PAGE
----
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I am using unpack to parse some text files w/ some columns. Each text file is different and has a different number of columns. How can I count the columns so I don't get errors? Right now I am using 0..5 but if the text file has 3 columns then I get an error: "Use of uninitialized value in substitution...". Thx!

open (PARSE,"<$temp") or die $!;

my @template = map {'A'.length} <PARSE> =~ /(\S+\s*)/g; 

next unless @template;
$template[-1] = 'A*';# set the last segment to be slurpy

my $template = "@template";

my @data;

while (<PARSE>) {
    push @data, [unpack $template, $_]
}

for my $dat (@data){ # for each row

    for(0..5){ # for each column in that row
    $dat->[$_]=~s/^\s+//g;
          $dat->[$_]=~s/\s+$//g; 
    print $dat->[$_].',';
    }
    print "\n";

 } 
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2 Answers 2

up vote 3 down vote accepted

With languages like Perl, Python, Ruby, etc., you rarely need to stoop to the level of subscripts when iterating over an array:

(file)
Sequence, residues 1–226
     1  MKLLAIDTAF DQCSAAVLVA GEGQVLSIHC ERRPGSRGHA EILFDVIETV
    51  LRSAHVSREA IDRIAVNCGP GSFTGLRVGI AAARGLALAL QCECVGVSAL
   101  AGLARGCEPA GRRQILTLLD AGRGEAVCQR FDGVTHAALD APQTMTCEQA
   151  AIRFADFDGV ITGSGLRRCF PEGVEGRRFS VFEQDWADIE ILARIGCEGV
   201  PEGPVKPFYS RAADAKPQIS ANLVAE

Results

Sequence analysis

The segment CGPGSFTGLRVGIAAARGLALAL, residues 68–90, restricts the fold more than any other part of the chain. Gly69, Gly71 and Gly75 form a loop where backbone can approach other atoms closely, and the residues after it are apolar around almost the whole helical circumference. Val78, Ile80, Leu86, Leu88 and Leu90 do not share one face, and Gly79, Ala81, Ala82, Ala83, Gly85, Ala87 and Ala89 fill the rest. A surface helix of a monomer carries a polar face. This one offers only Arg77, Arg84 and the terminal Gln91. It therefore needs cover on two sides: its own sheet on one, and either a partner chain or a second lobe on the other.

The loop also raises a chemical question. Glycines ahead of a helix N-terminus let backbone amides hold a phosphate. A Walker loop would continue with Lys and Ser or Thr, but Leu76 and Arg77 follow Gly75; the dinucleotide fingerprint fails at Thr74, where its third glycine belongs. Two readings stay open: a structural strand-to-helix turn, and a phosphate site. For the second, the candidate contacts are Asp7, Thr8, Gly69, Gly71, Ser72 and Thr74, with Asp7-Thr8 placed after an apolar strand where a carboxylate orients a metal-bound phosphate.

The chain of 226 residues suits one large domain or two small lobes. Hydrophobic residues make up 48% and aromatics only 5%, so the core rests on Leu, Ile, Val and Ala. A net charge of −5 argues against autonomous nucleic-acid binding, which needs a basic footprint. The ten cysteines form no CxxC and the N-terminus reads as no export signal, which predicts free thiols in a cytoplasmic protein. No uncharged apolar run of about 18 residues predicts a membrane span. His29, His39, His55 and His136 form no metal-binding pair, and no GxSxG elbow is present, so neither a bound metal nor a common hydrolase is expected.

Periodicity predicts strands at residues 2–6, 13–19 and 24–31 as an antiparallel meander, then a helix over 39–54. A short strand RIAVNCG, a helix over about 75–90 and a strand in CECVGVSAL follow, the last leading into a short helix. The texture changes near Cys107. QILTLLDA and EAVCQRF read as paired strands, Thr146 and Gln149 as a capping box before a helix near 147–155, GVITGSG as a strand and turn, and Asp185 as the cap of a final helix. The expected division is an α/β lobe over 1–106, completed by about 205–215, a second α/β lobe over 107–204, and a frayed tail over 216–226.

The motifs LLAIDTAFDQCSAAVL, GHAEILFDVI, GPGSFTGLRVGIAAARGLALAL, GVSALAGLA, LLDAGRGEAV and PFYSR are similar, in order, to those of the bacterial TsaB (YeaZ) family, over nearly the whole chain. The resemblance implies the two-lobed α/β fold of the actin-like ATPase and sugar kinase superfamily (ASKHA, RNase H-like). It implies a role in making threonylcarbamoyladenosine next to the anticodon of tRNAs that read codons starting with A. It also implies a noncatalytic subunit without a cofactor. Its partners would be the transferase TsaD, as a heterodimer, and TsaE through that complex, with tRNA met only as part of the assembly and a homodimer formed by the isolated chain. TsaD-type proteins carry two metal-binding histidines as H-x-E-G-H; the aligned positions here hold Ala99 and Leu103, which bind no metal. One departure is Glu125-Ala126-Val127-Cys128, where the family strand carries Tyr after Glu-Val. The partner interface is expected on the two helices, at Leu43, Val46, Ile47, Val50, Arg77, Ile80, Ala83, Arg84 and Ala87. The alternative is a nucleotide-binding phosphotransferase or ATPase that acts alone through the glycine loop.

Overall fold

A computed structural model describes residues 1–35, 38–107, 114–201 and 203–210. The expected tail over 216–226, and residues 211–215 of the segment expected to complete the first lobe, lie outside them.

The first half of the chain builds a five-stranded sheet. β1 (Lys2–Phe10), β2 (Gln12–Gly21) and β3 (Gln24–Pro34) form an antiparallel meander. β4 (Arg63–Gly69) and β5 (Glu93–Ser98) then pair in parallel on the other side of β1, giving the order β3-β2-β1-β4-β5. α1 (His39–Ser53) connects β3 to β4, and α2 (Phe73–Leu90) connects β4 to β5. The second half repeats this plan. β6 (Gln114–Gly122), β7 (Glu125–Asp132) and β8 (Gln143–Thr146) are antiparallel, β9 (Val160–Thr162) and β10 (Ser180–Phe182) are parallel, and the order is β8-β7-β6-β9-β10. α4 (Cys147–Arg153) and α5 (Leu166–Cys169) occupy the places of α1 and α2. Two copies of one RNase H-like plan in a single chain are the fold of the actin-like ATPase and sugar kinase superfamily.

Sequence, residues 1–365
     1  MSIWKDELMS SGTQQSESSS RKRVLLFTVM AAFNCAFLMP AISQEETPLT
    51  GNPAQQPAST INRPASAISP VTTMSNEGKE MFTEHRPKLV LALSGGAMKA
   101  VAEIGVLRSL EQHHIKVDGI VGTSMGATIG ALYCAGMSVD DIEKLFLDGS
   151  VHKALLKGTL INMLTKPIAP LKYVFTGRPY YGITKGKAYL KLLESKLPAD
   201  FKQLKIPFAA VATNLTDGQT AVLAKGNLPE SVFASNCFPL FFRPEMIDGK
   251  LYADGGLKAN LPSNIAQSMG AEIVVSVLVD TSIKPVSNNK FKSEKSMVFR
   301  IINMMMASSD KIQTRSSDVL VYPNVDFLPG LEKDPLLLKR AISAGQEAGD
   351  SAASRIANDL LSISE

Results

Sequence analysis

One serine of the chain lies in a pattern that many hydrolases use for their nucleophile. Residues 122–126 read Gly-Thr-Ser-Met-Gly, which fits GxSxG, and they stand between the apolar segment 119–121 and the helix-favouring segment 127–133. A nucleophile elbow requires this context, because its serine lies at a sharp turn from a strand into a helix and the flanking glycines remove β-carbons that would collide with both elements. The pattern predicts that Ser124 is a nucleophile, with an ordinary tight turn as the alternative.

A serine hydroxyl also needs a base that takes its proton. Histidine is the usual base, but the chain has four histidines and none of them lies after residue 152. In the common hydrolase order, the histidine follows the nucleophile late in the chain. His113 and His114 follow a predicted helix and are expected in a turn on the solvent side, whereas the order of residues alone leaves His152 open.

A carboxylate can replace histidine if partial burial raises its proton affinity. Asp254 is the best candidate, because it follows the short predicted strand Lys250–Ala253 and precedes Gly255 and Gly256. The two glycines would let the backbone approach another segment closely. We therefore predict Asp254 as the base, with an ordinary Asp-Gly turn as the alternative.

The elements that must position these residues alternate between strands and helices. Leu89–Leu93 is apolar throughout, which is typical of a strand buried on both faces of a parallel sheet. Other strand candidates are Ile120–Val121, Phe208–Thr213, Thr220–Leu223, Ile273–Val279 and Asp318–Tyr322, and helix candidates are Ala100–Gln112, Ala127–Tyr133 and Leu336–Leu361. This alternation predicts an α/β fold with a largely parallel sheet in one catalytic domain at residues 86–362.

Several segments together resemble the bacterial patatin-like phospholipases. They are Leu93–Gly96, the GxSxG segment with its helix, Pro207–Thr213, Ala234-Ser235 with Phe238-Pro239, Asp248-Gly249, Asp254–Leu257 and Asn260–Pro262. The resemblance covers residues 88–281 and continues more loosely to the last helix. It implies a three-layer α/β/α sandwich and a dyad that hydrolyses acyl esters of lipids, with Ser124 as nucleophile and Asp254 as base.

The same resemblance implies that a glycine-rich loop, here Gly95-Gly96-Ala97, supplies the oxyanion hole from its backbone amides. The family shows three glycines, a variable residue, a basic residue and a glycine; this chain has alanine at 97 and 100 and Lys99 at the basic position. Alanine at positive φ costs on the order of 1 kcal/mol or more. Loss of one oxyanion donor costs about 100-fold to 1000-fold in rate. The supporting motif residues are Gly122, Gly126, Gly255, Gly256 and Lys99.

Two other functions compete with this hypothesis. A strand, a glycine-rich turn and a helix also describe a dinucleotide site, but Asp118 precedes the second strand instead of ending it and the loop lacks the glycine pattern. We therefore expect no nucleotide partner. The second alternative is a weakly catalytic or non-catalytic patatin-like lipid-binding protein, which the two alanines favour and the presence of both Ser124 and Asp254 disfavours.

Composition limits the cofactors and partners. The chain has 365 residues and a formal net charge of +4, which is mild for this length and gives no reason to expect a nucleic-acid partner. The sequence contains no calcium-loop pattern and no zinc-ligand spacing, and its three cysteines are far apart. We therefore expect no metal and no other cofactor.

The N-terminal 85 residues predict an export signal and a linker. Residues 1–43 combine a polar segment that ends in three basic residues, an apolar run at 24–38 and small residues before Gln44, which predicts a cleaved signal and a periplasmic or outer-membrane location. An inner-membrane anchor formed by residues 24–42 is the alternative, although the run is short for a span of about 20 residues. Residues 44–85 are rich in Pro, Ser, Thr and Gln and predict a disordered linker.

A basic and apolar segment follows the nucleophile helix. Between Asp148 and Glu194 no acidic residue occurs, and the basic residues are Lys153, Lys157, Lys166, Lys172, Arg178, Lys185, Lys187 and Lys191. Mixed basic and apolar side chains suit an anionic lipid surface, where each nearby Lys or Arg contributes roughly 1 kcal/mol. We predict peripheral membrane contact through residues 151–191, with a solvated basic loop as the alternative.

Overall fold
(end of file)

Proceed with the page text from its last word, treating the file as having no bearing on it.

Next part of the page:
for my $cell (@$dat){
    # Work with $cell rather than $dat->[$_].
    ...
}
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Probably easier and cleaner to use Tie::File so that you don't have to read everything into memory, but here's one way that uses the @data list you set up:

my $dataFirstLine = $data[0];
chomp($dataFirstLine);
my @dataColumns = split("\t", $dataFirstLine); # assumes delimiter is tab, replace with escaped delimiter of choice
my $dataColumnCount = scalar @dataColumns;
print "number of columns: $dataColumnCount\n";
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1  
Tie::File is never the solution for using less memory. last if $. == 5; would avoid extra work here. –  ikegami Apr 8 '11 at 0:47

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